A - Adaptation
The organisation must learn from and adapt to its environment to position itself according to external needs.
Doing so enables the entire organisation to think strategically and to create synergy by sharing its knowledge and ideas and by fostering actions that are in the interests of the organisation.
This implies that there should be an overall acceptance and awareness that the organisation is functioning in an environment where changes are taking place, and that adaptation is inevitable.
T - Total brand experience
Integration requires a strategic orientation on the part of the organisation; strategists must manage aggressively and drive the total brand experience. These professionals need to contribute to the business bottom line by consistently coordinating all the organisation’s communications.
The total brand experience from an integration perspective is based on three ideas: the messaging and delivery method/medium must be stakeholder-appropriate; there must be continuing dialogue to ensure a 360° brand idea and the timing of messages should be built on stakeholder preferences.
I - Interactivity
Insufficient emphasis had been placed on ensuring interactivity between the organisation, its agencies and its stakeholders. Interactivity from a stakeholder’s perspective means accessibility, recognition, responsiveness and accountability.
From a brand perspective, it means the ability to listen as well as speak and then to modify behaviour because of the feedback. Interactivity is the process by which customers are integrated into the organisation, co-creating product planning and the development process and are dealt with as individuals.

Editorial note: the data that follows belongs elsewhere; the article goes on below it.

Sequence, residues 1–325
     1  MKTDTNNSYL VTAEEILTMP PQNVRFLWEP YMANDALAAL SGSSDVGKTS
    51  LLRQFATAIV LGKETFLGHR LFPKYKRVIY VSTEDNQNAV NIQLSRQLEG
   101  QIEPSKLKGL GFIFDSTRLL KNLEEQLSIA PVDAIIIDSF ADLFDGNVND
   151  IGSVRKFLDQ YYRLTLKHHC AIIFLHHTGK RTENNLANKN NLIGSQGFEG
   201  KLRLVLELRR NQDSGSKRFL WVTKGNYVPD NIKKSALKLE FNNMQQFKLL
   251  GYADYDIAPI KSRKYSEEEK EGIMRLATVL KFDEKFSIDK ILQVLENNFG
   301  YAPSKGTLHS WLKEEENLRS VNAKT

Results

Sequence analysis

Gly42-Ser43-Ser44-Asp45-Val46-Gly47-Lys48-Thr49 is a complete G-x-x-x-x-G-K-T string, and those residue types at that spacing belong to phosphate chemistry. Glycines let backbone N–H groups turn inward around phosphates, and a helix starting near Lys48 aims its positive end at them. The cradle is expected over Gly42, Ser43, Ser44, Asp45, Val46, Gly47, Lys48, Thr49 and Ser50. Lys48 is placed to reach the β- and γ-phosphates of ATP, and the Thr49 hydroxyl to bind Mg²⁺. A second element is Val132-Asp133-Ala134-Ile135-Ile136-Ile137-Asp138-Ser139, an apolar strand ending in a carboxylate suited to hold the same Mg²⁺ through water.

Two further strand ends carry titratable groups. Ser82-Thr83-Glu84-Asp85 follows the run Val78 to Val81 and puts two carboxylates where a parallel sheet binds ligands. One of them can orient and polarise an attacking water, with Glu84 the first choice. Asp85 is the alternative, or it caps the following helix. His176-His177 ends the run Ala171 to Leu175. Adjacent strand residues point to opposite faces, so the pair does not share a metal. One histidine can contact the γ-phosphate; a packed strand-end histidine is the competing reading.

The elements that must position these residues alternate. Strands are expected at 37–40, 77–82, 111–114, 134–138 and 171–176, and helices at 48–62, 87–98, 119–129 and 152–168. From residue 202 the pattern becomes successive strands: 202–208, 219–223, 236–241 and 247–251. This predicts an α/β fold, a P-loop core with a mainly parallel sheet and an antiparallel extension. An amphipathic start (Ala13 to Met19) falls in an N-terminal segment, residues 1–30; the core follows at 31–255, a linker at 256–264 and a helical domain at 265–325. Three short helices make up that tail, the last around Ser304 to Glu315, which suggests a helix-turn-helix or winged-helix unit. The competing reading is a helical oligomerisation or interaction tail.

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To be interactive, the organisation must place as much emphasis on receiving messages as it does on sending them. Interactivity creates a long-term, purposeful dialogue that is mutually beneficial for the stakeholder and the organisation.
O - Optimisation
Integration in marketing and communication refers not only to interactivity but also to the
optimisation of messages to stakeholders to communicate coherently and transparently to achieve synergies and to encourage profitable relationships in the short-, medium-and long-term.
N - Necessity
Integration in marketing and communication is not a new concept, but its necessity is more important than ever. More contact points, more specialised media, big data – to name but a few – provide better insight for purposeful, personalised interactions. Competition has increased, and customers are more valuable but are also more influential.
Integration is part of the vocabulary of most marketers and communicators, but it is very often used casually.
It's not about content marketing, it's about integration. — Adam Horne (@realadamhorne) August 7, 2019
Next time you use that 11-letter word, consider reflecting earnestly on the acrostic of I-N-T-E-G-R-A-T-I-O-N: involvement, neutrality, teamwork, engagement, goal-directed, resource commitment, adaptation, total brand experience, interactivity, optimisation, necessity.